Sanctioning update – August 2021
Financial commitments for new projects this year are set to surpass $100 billion globally, led by the recent sanctioning of the fourth phase of the giant Mero pre-salt project off Brazil and recent financial investment decisions in the US Gulf of Mexico. Commitments in the offshore sector are expected to reach $64 billion this year, up nearly 40% on 2020 levels, while onshore commitments are set to see a 54% year-on-year leap to $37 billion.
August 26, 2021
Financial commitments for new projects this year are set to surpass $100 billion globally, led by the recent sanctioning of the fourth phase of the giant Mero pre-salt project off Brazil and recent financial investment decisions (FID) in the US Gulf of Mexico. Commitments in the offshore sector are expected to reach $64 billion this year, up nearly 40% on 2020 levels, while onshore commitments are set to see a 54% year-on-year leap to $37 billion.
Brazilian state oil giant Petrobras and partners took FID in August on the Mero 4 development in the Santos Basin offshore Brazil, signing a letter of intent with SBM Offshore for the charter of the Alexandre de Gusmao floating production, storage and offloading (FPSO) vessel for 22.5 years. The Dutch contractor has an agreement in place with Chinese yard Shanghai Waigaoqiao Shipbuilding (SWS) for fabrication of the hull, with other Chinese yards competing for the topsides modules. This will be the fourth FPSO to be deployed in the Mero field and will be the same size as the first three. Rystad Energy expects the project to require almost $2.5 billion in greenfield commitments, with first oil scheduled for 2025.
Shell and Chevron last month announced FID on their highly anticipated Whale development in the US Gulf. The project will be developed using a semisubmersible production facility with 15 oil-producing wells. The project was on track for sanction last year as Shell had agreements in place with Singaporean shipyard Sembcorp Marine (Sembmarine) for the construction and integration of the production facility, but following the onset of the Covid-19 pandemic, Shell decided in April 2020 to delay the project for at least a year due to poor market conditions. The operator did, however, honor its contracts with Sembmarine and fabrication work continued at a slower pace at the contractor’s yard. Rystad Energy expects the project to require almost $3.8 billion in greenfield commitments, with first production expected in 2024.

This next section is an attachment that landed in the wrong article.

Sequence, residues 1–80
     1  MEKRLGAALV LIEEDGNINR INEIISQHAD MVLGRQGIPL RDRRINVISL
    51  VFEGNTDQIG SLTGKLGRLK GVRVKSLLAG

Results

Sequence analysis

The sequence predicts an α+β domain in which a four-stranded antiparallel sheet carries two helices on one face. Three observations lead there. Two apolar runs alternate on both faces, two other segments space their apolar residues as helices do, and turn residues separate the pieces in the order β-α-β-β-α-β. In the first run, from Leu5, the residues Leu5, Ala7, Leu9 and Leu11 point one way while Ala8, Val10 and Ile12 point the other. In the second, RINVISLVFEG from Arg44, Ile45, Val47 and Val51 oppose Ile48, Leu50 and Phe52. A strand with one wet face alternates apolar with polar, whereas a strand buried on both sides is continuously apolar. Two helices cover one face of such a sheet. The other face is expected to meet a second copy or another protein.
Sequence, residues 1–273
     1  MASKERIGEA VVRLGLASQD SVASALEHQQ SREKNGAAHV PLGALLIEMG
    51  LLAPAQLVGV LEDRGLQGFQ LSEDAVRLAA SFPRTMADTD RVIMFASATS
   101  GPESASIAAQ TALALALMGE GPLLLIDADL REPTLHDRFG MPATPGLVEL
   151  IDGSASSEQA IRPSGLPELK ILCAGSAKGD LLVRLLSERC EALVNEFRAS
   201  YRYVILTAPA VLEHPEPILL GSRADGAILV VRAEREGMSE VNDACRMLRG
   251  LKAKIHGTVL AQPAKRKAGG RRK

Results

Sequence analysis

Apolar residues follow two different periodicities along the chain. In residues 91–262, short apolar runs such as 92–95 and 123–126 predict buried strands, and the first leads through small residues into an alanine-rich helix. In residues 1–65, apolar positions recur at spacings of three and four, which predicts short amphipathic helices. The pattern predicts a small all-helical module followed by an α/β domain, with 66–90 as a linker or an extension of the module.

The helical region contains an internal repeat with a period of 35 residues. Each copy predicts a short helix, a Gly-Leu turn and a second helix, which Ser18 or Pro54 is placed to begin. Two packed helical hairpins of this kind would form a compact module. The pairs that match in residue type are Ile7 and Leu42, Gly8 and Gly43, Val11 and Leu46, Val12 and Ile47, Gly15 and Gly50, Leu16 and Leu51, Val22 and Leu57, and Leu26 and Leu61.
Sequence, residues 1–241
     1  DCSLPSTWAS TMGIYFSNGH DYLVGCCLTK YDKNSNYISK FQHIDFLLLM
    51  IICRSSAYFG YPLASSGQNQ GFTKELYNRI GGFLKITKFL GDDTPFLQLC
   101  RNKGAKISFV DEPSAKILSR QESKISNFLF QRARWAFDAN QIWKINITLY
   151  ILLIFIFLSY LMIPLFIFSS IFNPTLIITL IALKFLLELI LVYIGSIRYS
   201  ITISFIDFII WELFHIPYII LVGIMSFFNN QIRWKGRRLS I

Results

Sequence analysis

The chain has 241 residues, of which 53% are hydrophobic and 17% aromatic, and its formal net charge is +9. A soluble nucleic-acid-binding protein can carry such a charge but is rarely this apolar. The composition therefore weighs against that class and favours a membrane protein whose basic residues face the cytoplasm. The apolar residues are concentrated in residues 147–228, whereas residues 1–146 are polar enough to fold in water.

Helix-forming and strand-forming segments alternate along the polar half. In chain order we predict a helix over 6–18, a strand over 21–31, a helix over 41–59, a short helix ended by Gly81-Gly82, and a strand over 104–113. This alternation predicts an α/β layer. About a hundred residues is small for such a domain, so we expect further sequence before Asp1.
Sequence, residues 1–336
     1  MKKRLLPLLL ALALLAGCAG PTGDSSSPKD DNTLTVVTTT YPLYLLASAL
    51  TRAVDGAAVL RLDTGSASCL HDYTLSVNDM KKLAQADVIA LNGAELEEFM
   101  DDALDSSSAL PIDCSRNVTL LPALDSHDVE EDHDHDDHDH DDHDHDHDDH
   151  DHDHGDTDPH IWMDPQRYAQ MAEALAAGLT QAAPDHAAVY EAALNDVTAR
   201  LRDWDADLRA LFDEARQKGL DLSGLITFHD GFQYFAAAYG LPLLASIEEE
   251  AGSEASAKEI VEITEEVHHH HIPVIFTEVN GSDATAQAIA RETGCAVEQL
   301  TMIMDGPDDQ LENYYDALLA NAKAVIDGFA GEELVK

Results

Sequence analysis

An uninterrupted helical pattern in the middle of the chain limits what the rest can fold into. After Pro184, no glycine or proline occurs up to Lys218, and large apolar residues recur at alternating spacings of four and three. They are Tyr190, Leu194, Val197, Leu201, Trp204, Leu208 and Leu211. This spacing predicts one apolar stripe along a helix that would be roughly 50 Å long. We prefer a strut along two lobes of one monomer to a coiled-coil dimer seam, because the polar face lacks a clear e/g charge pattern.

Beacon Offshore has started development activities on its Shenandoah field development in the US Gulf by awarding an engineering, procurement, and construction (EPC) contract for a semisub production facility to South Korea’s Hyundai Heavy Industries (HHI). The contract is valued at 659 billion won ($577 million) and the project partners are expected to take FID soon. Shenandoah was also on track to receive the green light for development last year but was delayed due to low oil prices and the Covid-19 pandemic. The main production facility will be a floating semisub weighing about 20,000 tonnes. Other contracts announced so far include one to TechnipFMC for the supply of subsea trees and another to Transocean for development drilling. The development is expected to require around $2.5 billion in greenfield commitments and will be the second so-called "20k project" in the US Gulf that will produce from reservoirs with pressures up to 20,000 pounds per square inch.
Other noteworthy projects sanctioned since our
last update include the third phase of the North Oil Company-operated Al Shaheen oilfield off Qatar. The development will involve a pair of wellhead platforms and a large new processing platform as well as subsea flowlines. South Korea’s Daewoo Shipbuilding & Marine Engineering won a contract worth 725 billion won ($630 million) to build the processing platform and Vietnam’s PTSC was selected for the EPC and installation of wellhead platforms. The project is expected to cost almost $1.4 billion. In UAE, Abu Dhabi National Oil Company has sanctioned the second development phase of its Al-Dabbiya onshore field sustainability project by awarding the EPC contract to Robt Stone. The project is expected to cost nearly $400 million.
Petrobras has continued to impress with the blockbuster sanctioning of more FPSO developments, accounting for more than 15% of total greenfield commitments globally this year. The operator has agreements in place with its preferred contractors for other projects that are yet to receive the go-ahead this year. Petrobras is expected to close the year with $16 billion-worth of projects sanctioned – its highest ever total since 2013. Greenfield commitments from oil and gas majors have, by contrast, been at their lowest level this year since the start of the century, with just over $10 billion-worth of projects expected to get sanctioned in 2021. TotalEnergies’ Tilenga project in Uganda accounts for more than 44% of these commitments and is expected to receive the green light soon, the operator has conditional agreements in place with the preferred contractors that will turn into the definitive contracts after the project is sanctioned.
For more on project sanctioning, click
here to read the August 2021 version of our Project Sanctioning Report and see the supporting data file using the excel link on the client portal.
here to perform further analysis using our Sanctioning dashboard.